How anti-Muslim feeling becomes normalised


In a televised interview of Prime Minister Scott Morrison by the Australian public intellectual Waleed Aly, Morrison was asked whether Australia has “a problem with Islamophobia.”

Less than a week after the Christchurch massacre, Morrison replied, “I don’t know if Australians understand Islam very well … and that can often lead to a fear of things that you don’t understand.”

The Prime Minister’s response reflects two myths about Islamophobia:

  • that it is about a lack of understanding, and
  • that it is primarily about fear.

This reflects an egregious misunderstanding of anti-Muslim feeling ― one that denies the deeply entrenched racial logics that serve to render Muslims inherently “other” and therefore incapable of sharing in equal belonging as Australian citizens.

One of the earliest definitions of Islamophobia described it as “unfounded hostility towards Islam” with practical consequences of “unfair discrimination” and exclusion “from mainstream political and social affairs.”

The 1997 report from a London-based racial equality thinktank, the Runnymede Trust, helpfully contrasted “open” and “closed” views of Islam.

“Open” views see Islam as internally and historically diverse, interdependent with other faiths and cultures, and sincere.

“Closed” views see Islam as monolithic, separate from society and manipulative.

Islam and Muslims are often seen as a monolithic bloc that is unresponsive to new realities, with separate and conflicting values.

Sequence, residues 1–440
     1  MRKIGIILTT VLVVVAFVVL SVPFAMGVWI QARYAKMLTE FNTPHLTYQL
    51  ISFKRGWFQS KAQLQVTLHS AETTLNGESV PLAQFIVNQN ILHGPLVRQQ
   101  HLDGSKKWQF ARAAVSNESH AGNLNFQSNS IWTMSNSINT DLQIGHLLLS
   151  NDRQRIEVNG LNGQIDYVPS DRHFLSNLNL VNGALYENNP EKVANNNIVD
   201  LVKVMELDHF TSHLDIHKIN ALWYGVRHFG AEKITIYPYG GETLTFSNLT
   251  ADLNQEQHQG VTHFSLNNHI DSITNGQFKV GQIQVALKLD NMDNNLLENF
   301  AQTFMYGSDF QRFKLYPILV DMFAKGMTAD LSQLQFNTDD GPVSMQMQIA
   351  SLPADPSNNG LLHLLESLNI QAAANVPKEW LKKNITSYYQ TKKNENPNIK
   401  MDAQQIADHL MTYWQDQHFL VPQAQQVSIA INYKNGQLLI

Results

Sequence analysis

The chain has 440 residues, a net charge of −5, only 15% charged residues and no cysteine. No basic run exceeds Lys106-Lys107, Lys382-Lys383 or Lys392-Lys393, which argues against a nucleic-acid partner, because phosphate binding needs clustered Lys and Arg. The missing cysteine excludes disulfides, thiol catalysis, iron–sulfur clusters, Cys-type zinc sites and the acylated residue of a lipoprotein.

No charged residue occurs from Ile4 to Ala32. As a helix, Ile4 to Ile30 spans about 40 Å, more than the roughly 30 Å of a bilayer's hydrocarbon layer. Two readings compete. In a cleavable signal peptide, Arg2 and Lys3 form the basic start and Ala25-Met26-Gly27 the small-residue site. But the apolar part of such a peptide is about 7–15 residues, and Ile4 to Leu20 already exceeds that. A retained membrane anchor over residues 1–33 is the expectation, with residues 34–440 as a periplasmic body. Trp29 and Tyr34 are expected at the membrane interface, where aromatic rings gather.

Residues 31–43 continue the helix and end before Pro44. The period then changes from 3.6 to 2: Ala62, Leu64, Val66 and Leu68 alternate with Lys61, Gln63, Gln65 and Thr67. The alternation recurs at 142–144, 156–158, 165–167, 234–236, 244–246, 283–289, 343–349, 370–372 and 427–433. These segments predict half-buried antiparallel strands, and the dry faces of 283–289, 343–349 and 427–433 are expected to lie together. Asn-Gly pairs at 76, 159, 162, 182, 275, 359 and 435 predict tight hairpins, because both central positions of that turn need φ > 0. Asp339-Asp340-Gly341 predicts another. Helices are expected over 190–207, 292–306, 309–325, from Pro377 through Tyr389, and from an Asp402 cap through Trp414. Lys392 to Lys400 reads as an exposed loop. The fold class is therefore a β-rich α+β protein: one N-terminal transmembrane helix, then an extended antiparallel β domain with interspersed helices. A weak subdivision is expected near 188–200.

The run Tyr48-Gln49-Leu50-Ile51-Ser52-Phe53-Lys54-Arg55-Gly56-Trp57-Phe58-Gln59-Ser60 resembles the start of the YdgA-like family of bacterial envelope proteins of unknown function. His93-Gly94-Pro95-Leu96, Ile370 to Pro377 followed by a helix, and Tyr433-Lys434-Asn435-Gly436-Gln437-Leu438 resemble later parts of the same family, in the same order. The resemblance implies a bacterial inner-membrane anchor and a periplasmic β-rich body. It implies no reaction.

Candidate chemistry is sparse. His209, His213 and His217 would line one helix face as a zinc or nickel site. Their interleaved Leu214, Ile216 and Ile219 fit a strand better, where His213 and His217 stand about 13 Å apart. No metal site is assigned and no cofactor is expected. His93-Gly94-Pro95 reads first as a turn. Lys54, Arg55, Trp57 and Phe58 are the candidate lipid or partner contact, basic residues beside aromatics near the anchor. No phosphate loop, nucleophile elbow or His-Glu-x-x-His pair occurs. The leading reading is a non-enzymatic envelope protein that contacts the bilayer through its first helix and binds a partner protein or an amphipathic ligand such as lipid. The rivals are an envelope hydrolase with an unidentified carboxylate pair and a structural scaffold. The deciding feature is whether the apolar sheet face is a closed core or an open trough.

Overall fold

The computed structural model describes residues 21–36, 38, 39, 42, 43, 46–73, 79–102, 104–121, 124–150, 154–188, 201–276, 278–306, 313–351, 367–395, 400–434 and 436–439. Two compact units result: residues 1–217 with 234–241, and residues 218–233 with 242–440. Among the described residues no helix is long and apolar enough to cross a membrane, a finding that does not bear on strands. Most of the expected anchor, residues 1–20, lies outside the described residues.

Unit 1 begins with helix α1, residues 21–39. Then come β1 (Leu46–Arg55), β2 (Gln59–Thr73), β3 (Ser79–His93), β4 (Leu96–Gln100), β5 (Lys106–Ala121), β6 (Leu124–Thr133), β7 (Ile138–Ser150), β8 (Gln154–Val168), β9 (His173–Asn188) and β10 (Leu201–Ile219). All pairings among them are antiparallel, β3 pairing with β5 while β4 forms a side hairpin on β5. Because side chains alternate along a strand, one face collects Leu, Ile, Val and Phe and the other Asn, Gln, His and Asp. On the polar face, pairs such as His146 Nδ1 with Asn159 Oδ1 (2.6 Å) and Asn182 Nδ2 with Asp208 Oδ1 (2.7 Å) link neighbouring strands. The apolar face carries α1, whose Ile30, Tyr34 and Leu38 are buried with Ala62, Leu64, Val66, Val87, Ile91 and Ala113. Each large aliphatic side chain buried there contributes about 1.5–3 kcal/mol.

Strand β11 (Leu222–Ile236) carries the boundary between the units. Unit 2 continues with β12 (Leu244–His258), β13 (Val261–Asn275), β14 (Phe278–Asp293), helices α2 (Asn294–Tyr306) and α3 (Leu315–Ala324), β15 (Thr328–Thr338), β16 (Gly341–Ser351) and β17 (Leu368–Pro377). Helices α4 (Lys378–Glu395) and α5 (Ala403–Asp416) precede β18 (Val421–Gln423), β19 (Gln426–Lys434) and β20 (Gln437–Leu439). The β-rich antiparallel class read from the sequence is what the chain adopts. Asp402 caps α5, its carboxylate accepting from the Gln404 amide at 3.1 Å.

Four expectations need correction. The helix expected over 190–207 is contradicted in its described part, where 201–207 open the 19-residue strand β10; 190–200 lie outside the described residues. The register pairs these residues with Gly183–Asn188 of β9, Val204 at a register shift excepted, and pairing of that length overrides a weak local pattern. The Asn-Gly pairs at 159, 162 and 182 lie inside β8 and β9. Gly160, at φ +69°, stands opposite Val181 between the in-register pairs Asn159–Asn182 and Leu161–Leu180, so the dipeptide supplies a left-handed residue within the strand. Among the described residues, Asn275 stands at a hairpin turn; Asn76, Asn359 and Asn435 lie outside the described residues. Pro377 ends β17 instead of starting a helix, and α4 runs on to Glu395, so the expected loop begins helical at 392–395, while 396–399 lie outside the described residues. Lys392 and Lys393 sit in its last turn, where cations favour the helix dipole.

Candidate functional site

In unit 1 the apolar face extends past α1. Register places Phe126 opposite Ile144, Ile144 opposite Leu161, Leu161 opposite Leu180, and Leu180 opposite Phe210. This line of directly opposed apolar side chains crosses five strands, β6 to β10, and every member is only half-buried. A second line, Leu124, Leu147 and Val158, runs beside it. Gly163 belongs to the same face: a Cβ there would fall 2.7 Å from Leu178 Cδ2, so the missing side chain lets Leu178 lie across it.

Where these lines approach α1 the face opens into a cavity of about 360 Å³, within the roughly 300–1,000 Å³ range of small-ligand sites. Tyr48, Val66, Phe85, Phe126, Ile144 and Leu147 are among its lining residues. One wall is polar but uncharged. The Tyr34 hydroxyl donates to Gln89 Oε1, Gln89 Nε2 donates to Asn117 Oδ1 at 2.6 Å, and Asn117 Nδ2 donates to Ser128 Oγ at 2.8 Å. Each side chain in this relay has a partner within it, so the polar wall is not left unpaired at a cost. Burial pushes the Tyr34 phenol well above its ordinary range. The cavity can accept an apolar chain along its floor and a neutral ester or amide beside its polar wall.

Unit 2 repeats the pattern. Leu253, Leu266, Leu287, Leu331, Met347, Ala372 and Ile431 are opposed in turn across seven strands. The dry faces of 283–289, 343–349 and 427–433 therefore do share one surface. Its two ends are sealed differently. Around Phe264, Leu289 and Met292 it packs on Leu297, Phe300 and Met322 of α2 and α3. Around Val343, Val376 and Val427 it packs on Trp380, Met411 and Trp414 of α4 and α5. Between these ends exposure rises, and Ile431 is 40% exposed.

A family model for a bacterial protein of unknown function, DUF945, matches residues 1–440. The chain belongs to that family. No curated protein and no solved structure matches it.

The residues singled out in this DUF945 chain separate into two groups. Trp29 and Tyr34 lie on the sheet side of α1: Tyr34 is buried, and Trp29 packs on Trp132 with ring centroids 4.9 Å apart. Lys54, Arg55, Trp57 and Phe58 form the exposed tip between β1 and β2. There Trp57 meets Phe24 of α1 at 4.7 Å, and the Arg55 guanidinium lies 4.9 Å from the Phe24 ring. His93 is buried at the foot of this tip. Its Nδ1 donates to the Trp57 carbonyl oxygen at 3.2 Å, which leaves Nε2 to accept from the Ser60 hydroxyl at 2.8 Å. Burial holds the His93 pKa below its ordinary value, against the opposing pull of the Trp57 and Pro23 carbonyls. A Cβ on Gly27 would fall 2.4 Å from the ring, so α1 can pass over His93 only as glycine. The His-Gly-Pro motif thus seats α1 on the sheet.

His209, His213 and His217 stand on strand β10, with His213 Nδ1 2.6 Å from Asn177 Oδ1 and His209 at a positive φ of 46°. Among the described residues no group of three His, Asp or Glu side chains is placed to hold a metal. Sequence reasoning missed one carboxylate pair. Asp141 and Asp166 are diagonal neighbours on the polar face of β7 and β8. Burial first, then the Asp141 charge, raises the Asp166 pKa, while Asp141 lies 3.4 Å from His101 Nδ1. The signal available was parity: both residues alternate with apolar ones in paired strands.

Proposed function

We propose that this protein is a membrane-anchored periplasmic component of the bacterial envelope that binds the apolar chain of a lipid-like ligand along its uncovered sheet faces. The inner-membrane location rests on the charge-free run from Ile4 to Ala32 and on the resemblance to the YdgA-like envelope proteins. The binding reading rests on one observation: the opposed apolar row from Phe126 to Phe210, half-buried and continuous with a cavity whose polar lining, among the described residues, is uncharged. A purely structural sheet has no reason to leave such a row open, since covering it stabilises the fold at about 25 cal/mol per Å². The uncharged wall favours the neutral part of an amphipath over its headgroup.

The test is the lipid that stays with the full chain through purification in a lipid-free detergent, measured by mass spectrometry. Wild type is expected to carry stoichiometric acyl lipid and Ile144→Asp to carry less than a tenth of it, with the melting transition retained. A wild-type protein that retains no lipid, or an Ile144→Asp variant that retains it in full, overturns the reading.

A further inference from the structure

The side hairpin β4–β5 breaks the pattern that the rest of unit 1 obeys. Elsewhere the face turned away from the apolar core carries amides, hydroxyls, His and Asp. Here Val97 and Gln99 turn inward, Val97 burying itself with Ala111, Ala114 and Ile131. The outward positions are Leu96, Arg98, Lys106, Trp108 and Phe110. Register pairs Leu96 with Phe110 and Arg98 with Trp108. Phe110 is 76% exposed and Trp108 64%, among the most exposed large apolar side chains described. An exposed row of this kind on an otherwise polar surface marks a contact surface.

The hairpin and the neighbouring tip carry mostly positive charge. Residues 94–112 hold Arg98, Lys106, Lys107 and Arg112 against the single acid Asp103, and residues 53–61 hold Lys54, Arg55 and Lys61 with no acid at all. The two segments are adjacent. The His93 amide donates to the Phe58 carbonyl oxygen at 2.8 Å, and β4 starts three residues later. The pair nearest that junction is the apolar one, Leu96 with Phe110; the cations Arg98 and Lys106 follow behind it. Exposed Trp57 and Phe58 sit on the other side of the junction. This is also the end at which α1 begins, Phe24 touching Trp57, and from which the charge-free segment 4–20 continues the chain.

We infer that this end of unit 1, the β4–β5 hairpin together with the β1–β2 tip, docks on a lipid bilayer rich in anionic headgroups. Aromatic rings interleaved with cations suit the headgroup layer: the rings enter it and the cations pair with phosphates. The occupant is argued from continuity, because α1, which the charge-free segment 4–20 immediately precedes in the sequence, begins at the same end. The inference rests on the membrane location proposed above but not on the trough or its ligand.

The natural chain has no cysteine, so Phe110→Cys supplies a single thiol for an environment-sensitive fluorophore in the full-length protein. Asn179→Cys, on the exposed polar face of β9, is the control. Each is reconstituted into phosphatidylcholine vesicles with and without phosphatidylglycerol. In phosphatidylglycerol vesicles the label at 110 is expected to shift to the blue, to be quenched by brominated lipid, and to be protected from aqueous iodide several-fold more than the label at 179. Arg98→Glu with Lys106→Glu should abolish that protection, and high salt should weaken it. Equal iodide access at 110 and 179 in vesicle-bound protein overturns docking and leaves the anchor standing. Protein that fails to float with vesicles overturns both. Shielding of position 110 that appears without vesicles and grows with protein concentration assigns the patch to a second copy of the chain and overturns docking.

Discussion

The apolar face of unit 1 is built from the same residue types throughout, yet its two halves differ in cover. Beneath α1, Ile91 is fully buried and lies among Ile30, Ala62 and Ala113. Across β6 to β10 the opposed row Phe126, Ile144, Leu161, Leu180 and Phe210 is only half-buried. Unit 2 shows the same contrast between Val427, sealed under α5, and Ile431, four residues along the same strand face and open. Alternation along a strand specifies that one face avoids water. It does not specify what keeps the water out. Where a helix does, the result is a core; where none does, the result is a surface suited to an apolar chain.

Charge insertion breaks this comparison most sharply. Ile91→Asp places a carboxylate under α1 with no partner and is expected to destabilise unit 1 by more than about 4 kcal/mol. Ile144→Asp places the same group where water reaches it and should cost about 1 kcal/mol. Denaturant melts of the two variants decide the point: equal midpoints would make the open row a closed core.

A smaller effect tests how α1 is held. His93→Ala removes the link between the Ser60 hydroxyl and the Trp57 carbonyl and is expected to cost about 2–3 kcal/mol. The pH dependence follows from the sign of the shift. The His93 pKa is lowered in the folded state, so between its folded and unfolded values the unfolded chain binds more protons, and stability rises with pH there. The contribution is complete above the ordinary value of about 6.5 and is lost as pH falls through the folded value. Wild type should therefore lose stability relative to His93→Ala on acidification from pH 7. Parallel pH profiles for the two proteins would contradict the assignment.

At worst, Islam and Muslims are seen as backward, irrational, aggressive and engaged in a “clash of civilizations” incompatible with “the West.”

Claiming that Islamophobia is only about fear distracts us from seeing it for what it really is: a form of racism with historical and cultural depth and a hydra-like manifestation.

Like antisemitism, Islamophobia is a form of racism. And racism never stands still. It shifts throughout history and resurfaces in new and familiar vile guises. Underlying its historical mutations and forms is a shared racial logic that marks others as different and inferior.

It’s tempting to dismiss the Islamophobia-as-racism argument by saying that it is merely “playing the race card” or that Islam is not a “race.”

But that misses the point that racial categories have always been fabrications ― alongside the notion of “racial purity” ― that serve to legitimise control and subjugate inferior “others.”

The deeper point, whatever language we use, lies in the need to understand how groups and identities come to be categorised in ways that render them inferior and unequal.

Racism lies most powerfully below the surface in ordinary opinions and activities.

Take the flourishing of online anti-Muslim and antisemitic jokes.

Simon Weaver argues that these jokes work rhetorically by supporting a “race truth” that maintains and reinforces a “racist commonsense.”

They work because of background racial stereotypes of the “Muslim terrorist” or “greedy Jew.” Continue reading

  • Ryan Williams is Lecturer in Studies in Religion in the School of Historical and Philosophical Inquiry at the University of Queensland and a Visiting Fellow at the Centre of Islamic Studies at the University of Cambridge.
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